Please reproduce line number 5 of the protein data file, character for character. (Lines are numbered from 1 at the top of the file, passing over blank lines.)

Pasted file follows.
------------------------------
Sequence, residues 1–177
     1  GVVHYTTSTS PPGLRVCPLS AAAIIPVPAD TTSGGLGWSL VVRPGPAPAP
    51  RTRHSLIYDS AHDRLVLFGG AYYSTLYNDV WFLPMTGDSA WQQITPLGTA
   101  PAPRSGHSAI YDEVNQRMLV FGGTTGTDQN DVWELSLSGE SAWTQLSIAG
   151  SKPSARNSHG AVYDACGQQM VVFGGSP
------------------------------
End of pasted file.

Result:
   151  SKPSARNSHG AVYDACGQQM VVFGGSP